Some resolve this simply by choosing not to resolve the problem, saying "It's a mystery", or "It's unknowable", and then doing their best not to think about it. Others resolve this, partially, by becoming experts in where the "other side" is wrong. The best resolution is to avoid, as far as possible, the trap that any Biblical concept can be completely summed up by a theory of man or popular buzzword; or that any one person or theory will have all the answers.

God alone accomplishes salvation, as man cannot save himself. 
But what is salvation?  Salvation is deliverance.  It has connotations both of what one is delivered from (sin, affliction, poverty, captivity, etc.) and of what one is delivered into (righteousness, welfare, prosperity, freedom, etc.) 

Yet, there is nothing inherent in the concept of salvation that would mean a captive accepting salvation 'works with' the savior.

Further eBible topics cover the relationship between faith and salvation. Here is one:


December 17 2014 5 responses Vote Up Share Report

Mini Evan Doan
In spite of the fact that monergism/Calvinism has many appealing aspects, it seems to me that few advocates consider some of the logical implications of this particular theological paradigm.

First, multiple passages state that God's will is that no one perish:

1 Timothy 2:4
2 Peter 3:9
Ezekiel 18:23
Ezekiel 18:32
Ezekiel 33:11

According to monergism/Calvinism, God chose us instead of us choosing him. That means God deliberately did NOT choose whoever is unfortunate enough to not be elected and receive irresistible grace. If it's God's will that no one perish, then according to Calvinism, it would seem that God is either incompetent or a liar, not to mention unjust and unfair, since the scriptures clearly state that some will be resurrected to eternal condemnation (John 5:29 and Daniel 12:2) while at the same time clearly stating that God's will is that no one perish. 

Technically, the doctrine of Calvinistic unconditional election would apply to EVERYONE in one of two ways: either one is elected to eternal life or one is elected to eternal condemnation. This is extremely convenient if one finds him/herself elected to eternal life. However, this is a raw deal for one elected to eternal condemnation. How could we say that God is fair if he arbitrarily administers election in this way? If personal responsibility and accountability have nothing to do with this, then how is it that the scriptures declare that God shows no partiality or favoritism (Romans 2:11 and Acts 10:34)? The very concept of justice, which Psalm 89:14 and Psalm 97:2 declare to be the foundation of God's throne, is predicated on individual responsibility and accountability for one's choices. Furthermore, what is love if not freely given by choice? God may grant us the ability to love, but the choice is still ours to make; otherwise it's not authentic love.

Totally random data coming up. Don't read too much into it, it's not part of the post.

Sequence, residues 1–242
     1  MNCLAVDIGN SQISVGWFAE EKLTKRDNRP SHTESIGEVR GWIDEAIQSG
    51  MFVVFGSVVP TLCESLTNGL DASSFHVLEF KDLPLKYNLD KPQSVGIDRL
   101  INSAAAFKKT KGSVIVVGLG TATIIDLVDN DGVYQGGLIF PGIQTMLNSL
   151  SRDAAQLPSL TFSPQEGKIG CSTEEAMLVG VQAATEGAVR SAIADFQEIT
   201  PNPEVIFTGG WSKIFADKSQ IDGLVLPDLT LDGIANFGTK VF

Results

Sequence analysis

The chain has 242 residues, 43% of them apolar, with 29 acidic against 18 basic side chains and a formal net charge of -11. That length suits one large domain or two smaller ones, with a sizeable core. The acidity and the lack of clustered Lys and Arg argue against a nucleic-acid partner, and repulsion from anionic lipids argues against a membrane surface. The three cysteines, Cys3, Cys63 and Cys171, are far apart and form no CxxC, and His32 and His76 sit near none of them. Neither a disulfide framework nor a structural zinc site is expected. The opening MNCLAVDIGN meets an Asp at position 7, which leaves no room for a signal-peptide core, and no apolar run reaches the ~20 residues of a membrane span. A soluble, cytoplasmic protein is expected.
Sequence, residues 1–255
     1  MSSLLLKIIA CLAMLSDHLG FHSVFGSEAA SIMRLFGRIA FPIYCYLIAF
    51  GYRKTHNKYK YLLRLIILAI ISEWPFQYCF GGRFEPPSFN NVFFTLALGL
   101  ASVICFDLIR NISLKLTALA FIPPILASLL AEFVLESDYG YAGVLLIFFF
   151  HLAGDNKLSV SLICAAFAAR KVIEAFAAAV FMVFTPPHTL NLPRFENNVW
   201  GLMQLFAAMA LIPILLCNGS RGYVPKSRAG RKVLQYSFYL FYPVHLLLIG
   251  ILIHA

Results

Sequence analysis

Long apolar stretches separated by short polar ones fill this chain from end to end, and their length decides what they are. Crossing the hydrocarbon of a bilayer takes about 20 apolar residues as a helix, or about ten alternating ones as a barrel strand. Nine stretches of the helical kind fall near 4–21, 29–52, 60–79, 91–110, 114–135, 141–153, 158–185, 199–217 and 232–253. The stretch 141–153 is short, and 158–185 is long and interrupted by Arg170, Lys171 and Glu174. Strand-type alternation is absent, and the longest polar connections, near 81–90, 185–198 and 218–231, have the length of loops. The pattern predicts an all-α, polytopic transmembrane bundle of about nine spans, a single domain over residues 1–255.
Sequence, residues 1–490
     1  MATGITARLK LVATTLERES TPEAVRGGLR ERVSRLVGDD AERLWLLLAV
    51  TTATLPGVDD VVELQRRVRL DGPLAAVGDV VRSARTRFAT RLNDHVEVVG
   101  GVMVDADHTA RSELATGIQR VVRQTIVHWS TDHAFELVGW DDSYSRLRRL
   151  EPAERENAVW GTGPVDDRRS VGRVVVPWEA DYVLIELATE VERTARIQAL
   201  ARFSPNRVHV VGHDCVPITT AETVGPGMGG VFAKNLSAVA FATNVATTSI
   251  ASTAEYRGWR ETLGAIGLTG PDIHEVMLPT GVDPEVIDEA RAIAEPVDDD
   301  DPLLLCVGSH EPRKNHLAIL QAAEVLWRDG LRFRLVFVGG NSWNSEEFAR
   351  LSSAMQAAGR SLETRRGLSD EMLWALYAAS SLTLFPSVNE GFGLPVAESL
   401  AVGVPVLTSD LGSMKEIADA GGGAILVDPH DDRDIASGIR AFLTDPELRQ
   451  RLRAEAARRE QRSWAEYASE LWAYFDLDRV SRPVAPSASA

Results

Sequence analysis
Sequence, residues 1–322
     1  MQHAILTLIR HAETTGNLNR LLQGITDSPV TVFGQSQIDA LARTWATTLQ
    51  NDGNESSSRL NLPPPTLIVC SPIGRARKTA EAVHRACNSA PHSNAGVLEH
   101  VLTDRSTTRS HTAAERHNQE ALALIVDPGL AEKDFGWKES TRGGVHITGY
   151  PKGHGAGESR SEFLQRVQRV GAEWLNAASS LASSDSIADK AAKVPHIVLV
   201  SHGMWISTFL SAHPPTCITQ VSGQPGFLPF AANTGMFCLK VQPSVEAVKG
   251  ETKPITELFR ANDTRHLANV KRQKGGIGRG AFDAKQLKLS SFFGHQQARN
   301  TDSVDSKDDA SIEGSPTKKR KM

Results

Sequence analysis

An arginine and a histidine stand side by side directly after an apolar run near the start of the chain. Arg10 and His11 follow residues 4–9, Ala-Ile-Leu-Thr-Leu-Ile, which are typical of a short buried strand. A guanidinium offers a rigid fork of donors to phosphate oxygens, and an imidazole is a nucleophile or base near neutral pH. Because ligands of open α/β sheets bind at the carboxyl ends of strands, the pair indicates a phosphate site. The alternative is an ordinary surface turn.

On a more pragmatic note, nothing about choosing to accept God's salvation and invitation into his kingdom in any way implies that we're effecting our own salvation any more than a drowning man who chooses to grab a rope that someone else throws to him is credited with saving himself. Will he really "boast" that he saved himself simply because he technically made the choice to grab the rope? The person on the riverbank throwing the rope is still the decisive and determining factor in the drowning man's salvation.

April 10 2019 0 responses Vote Up Share Report